By George Foulsham
More than one-third of Los Angeles County residents are worried that they, a family member or a friend will be deported from the United States, and nearly half of county residents believe that repealing and replacing the Affordable Care Act with a new federal health law would make their access to health care worse.
These two major findings highlight the 2017 UCLA Luskin Los Angeles County Quality of Life Index, a project of the Los Angeles Initiative at the UCLA Luskin School of Public Affairs in partnership with the California Endowment. The annual survey, which is in its second year, is based on interviews conducted with about 1,600 county residents from Feb. 28 to March 12, 2017.
The index is an annual survey of Los Angeles county residents that asks them questions to rate their quality of life in nine different categories. In addition to the categorized questions, the survey also asks specific standalone questions that relate to their quality of life. The survey has a margin of error of plus or minus 2.6 percent.
In one noteworthy finding, 37 percent of county residents are worried about deportation from
the U.S., and more than half of them are very worried. Of respondents who expressed
deportation worries, an overwhelming 80 percent said that they, a friend or a family member
would be at greater risk of being deported by enrolling in a government health, education or
housing program. More than half of them are very worried.
“The level of anxiety over deportation among county residents is staggering,” said Zev Yaroslavsky, director of the Los Angeles Initiative. “The national debate on immigration in
recent months has heavily impacted Los Angeles. The extraordinary number of people who now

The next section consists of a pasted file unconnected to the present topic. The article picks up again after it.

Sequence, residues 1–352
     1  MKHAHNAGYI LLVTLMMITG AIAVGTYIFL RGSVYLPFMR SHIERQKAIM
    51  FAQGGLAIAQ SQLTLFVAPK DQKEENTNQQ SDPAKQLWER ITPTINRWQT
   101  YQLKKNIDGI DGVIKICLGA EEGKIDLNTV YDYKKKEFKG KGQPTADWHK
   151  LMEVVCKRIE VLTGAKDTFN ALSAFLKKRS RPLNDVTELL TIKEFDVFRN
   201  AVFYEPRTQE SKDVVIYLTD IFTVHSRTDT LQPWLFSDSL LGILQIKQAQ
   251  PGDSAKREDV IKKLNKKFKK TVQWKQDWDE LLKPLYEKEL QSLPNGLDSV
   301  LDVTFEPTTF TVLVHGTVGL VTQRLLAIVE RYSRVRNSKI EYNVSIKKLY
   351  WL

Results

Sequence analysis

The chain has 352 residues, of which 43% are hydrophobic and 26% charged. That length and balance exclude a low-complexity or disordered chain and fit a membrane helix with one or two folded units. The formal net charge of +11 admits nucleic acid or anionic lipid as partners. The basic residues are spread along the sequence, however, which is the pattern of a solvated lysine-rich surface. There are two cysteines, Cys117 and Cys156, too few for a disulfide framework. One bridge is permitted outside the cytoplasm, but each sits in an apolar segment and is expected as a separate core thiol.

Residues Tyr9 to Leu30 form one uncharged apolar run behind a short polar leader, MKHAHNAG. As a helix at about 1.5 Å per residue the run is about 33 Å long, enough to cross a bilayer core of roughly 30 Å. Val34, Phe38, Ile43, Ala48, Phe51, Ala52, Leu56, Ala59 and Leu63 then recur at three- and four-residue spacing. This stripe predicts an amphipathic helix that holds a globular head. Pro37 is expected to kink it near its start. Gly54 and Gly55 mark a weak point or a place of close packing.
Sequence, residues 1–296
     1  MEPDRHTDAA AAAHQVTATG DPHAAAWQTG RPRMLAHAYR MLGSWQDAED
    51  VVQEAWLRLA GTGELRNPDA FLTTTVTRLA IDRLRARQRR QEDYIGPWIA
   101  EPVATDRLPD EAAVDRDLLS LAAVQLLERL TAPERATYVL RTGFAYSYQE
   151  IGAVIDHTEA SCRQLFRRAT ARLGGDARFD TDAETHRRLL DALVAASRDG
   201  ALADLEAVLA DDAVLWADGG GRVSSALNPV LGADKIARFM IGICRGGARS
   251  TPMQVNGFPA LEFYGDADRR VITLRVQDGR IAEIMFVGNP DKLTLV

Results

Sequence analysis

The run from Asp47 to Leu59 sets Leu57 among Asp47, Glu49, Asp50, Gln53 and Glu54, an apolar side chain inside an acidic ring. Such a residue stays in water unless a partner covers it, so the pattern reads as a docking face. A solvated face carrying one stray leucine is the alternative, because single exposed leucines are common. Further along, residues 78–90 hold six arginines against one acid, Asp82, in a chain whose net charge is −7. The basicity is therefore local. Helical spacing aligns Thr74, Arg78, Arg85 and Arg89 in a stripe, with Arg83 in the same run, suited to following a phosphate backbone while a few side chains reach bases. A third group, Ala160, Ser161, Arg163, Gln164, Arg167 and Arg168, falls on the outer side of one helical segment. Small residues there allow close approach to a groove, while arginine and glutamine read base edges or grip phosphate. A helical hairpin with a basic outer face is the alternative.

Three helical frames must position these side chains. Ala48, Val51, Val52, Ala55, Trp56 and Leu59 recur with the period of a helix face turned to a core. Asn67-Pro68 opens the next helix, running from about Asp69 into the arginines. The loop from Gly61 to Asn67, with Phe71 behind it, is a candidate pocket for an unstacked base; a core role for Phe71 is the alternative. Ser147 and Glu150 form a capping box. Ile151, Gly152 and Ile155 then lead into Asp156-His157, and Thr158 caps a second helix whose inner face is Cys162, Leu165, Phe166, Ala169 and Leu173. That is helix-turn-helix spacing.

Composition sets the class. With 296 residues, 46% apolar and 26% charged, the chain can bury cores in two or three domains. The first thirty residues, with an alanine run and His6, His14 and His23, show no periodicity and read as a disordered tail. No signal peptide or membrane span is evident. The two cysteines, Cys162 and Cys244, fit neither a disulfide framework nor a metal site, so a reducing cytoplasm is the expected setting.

fear engaging local government for services should be of concern to all of us.”
Those observations are reflected in follow-up interviews conducted by the Luskin School. A man
in his early 30s who lives in the San Fernando Valley and is half-Latino said he worried for his
girlfriend’s family, most of whom are in the country legally but one of whom is not. “I wouldn’t
even call the police,” he said.
These concerns are not limited to minority groups. Another respondent, a white woman in her
late 50s who lives in the South Bay, said she’s concerned about neighbors and others being
deported. “I hear from a lot of people who are afraid,” she said.
Significant findings on deportation worries include:
- Younger residents are more worried about deportation (50 percent between the ages of
18-39, compared to 25 percent of those over 50).
- Latinos, who make up 43 percent of the survey sample, are the most concerned about
deportation (56 percent) and nearly one-third of Asian residents are worried (31
- Lower-income residents are more likely to be worried (49 percent of those earning less
than $30,000 annually, compared to 30 percent of those earning over $120,000
- Residents born in another country (52 percent) are more worried, compared to U.S.-
born (30 percent). Twenty-nine percent of the survey sample are foreign born.
Nearly one-fifth of whites (19 percent) expressed concerns about deportation.
Nearly half of survey respondents said that repeal of the ACA, also known as Obamacare, would
make their access to quality medical care worse. Forty-eight percent of respondents said
replacing the ACA would worsen their access to care, while 14 percent said the repeal would
improve access. Thirty percent said it would make no difference. The survey was taken before
the Trump administration and Speaker of the House Paul Ryan made the decision to withdraw
legislation that sought to repeal the ACA with the American Health Care Act.
Follow-up interviews bear out these findings. A young African-American man living in the San
Gabriel Valley thinks Obamacare could use some improvement, but “it’s better than what we
had.” He added that he had no confidence in the Trump/Ryan proposal to replace it.
Significant findings on the ACA’s repeal and replacement include:
- Younger residents are more likely to say that changes would negatively impact them (58
percent between the ages of 18-39, compared to 32 percent of those older than 50).
- Those with Medi-Cal or an ACA insurance policy are more likely to say changes would
negatively impact them (59 percent).